Gardening in the Midwestern United States is challenging because of the wide fluctuation in temperatures between the winter and summer seasons. The summers can be very warm and dry and it is often difficult to spend time in the garden taking care of blooming plants. However, there is a large selection of blooming plants that have low maintenance requirements and are considered good Midwest heat-tolerant perennial flower bed plants.
Purple Cone Flower
The purple coneflower (Echinacea purpurea) produces long-stemmed flowers of pink, red or purple, depending on the variety. It grows to 3 feet tall and has few insect or disease problems. The purple coneflower is a dependable bloomer and the number of blooms increases every year as it spreads rapidly from the root system. It is a popular plant for butterfly gardens.
Autumn sage (Salvia greggii) is a popular heat-tolerant perennial for planting in the Midwest garden. They are available in blooming colors of pink, blue, purple and red. There is even a bi-color variety of autumn sage that produces blooms of red and white. Autumn sage is an important hummingbird and butterfly plant. It freezes to the ground in the coldest areas but returns in the spring. In warmer parts of the Midwest, it remains a semi-evergreen and should be trimmed back, or shaped, in the spring for best bloom production.
Sedum, or stonecrop, is the name of a variety of succulent plants that store water in the stems and leaves. They are extremely heat and drought tolerant. There are hundreds of varieties; some grow low to the ground, while others, such as the autumn joy, grow 24 inches tall and produce long-stemmed flowers suitable for cutting.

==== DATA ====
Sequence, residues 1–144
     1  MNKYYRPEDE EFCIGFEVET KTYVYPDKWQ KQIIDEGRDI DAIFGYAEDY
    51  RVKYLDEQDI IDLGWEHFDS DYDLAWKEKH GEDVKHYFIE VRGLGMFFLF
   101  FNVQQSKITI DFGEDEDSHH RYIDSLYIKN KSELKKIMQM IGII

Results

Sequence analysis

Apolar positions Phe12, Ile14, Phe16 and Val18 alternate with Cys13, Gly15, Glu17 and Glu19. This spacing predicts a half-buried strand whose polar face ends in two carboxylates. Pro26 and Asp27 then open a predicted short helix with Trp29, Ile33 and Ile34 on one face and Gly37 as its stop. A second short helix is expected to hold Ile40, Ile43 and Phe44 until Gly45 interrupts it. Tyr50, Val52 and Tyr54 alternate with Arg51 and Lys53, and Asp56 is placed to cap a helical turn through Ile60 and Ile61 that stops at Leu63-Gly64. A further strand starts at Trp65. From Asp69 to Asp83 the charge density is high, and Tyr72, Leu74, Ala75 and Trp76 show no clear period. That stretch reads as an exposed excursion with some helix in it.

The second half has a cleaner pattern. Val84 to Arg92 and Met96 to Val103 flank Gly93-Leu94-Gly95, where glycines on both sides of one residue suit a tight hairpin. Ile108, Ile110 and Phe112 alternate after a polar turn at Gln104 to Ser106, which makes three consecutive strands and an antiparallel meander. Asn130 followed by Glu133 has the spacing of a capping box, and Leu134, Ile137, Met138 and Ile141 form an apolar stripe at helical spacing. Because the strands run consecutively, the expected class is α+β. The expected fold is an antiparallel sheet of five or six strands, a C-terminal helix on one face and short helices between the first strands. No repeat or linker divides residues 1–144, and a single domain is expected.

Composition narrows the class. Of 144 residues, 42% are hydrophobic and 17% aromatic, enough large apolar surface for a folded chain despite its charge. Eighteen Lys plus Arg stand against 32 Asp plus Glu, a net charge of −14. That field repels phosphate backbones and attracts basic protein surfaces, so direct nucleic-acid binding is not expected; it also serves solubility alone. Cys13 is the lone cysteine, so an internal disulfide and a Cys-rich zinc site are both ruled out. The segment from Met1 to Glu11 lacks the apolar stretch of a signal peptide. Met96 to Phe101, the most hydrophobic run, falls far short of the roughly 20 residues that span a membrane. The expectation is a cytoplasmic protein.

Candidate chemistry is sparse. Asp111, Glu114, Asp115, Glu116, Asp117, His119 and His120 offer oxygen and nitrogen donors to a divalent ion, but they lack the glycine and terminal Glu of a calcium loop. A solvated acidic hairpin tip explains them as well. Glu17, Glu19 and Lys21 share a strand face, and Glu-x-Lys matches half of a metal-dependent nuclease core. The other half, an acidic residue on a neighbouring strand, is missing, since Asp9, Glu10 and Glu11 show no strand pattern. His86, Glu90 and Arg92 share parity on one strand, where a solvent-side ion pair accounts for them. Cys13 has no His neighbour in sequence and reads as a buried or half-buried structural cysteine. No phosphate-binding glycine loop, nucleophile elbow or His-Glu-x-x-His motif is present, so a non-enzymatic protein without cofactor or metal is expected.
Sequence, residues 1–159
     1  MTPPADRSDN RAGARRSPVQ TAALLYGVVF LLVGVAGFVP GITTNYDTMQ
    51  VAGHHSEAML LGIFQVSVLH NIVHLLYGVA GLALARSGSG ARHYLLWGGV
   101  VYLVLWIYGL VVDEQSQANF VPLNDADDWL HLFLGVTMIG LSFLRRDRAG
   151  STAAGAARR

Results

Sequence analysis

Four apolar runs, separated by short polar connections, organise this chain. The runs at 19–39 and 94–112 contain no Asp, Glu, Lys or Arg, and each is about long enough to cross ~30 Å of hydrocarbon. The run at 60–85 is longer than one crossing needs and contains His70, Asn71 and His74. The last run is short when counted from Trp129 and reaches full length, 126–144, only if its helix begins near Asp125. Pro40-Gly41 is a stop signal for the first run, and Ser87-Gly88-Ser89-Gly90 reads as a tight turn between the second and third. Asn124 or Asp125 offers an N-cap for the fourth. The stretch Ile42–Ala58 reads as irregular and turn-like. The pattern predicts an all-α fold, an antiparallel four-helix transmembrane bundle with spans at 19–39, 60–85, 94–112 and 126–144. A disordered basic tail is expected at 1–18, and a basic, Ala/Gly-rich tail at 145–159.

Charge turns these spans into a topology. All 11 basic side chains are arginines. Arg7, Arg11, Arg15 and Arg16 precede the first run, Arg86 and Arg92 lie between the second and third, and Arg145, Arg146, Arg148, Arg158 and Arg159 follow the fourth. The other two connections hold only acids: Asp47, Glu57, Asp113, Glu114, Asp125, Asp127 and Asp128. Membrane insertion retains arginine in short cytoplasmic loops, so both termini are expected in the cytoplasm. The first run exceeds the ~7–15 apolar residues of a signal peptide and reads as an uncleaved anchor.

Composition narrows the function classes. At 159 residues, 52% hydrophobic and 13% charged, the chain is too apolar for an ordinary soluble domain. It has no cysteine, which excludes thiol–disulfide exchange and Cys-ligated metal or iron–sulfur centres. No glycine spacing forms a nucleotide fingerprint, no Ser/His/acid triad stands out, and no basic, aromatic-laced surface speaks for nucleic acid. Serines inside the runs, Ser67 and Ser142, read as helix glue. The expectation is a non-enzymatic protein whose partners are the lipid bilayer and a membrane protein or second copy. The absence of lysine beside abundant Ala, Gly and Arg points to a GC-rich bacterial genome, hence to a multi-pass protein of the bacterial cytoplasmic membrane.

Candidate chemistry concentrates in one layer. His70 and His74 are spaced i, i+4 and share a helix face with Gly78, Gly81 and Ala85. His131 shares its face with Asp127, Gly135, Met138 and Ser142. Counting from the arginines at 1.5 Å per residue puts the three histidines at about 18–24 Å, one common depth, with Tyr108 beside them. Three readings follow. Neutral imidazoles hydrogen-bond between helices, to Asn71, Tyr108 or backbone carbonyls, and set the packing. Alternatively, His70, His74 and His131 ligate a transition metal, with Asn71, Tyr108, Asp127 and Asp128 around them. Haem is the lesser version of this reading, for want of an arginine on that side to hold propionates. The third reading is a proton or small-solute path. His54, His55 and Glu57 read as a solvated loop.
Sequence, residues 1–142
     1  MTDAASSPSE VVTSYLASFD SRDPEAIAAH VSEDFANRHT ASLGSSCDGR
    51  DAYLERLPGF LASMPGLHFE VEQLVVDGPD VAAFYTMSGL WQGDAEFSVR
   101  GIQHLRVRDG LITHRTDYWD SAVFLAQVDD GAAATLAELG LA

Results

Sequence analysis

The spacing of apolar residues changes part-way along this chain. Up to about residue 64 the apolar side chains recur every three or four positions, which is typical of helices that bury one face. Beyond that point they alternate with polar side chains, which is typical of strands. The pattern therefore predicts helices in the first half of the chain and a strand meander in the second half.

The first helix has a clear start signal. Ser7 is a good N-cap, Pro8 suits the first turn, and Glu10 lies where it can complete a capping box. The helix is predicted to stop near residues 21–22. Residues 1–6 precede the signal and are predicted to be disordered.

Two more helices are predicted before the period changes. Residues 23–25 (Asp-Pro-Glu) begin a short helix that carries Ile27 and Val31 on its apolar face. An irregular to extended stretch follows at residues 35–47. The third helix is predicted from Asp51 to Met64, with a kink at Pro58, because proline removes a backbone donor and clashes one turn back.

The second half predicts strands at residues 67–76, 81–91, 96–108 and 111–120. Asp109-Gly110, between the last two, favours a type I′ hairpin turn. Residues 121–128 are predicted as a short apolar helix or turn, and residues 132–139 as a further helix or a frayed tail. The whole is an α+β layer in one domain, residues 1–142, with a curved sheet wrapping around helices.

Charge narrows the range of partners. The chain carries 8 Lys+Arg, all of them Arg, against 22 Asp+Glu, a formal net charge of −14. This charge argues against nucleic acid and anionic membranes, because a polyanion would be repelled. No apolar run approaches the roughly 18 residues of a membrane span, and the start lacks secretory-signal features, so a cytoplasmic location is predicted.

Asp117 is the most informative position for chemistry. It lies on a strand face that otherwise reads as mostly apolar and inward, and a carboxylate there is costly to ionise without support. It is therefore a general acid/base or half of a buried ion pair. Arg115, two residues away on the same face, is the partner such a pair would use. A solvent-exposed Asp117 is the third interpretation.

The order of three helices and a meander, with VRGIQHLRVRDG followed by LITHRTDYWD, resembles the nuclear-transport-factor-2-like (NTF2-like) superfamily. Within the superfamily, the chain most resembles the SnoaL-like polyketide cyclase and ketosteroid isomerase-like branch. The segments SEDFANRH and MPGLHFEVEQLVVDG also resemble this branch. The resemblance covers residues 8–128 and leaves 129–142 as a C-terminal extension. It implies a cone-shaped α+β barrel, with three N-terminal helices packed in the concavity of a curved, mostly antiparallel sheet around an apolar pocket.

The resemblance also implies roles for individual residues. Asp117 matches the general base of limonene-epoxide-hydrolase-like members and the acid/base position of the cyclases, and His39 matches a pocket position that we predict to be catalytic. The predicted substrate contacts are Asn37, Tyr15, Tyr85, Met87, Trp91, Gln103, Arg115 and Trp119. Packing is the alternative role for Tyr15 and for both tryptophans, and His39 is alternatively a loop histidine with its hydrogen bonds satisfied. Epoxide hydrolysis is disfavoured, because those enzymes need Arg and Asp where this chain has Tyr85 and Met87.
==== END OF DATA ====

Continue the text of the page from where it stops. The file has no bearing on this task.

Buddleia, or butterfly bush (Buddleia davidii), is a fast-growing perennial that is a favorite plant for butterfly gardens in the Midwest. There are many improved varieties of buddleia available, with some producing dark purple flowers and others with pink, lavender or white blooms. The spiky flowers, or panicles, are made up of hundreds of tiny flowers. Prune and shape buddleia by removing dead wood in the spring rather than fall or winter. The plant uses old wood to insulate itself from cold winter temperatures.
Russian sage (Perovskia atriplicifolia) has delicate light green or silvery foliage and produces blue or lavender flowers most of the summer. It prefers to grow in direct sun and becomes lanky if planted in shade. Russian sage is very heat and drought tolerant and is native to the rocky dry areas of Pakistan and Afghanistan. It looks best if planted in a mass or border because of the narrow stems and fine foliage. Cut Russian sage between 4 to 6 inches from the ground in the spring before new growth begins to promote fuller growth.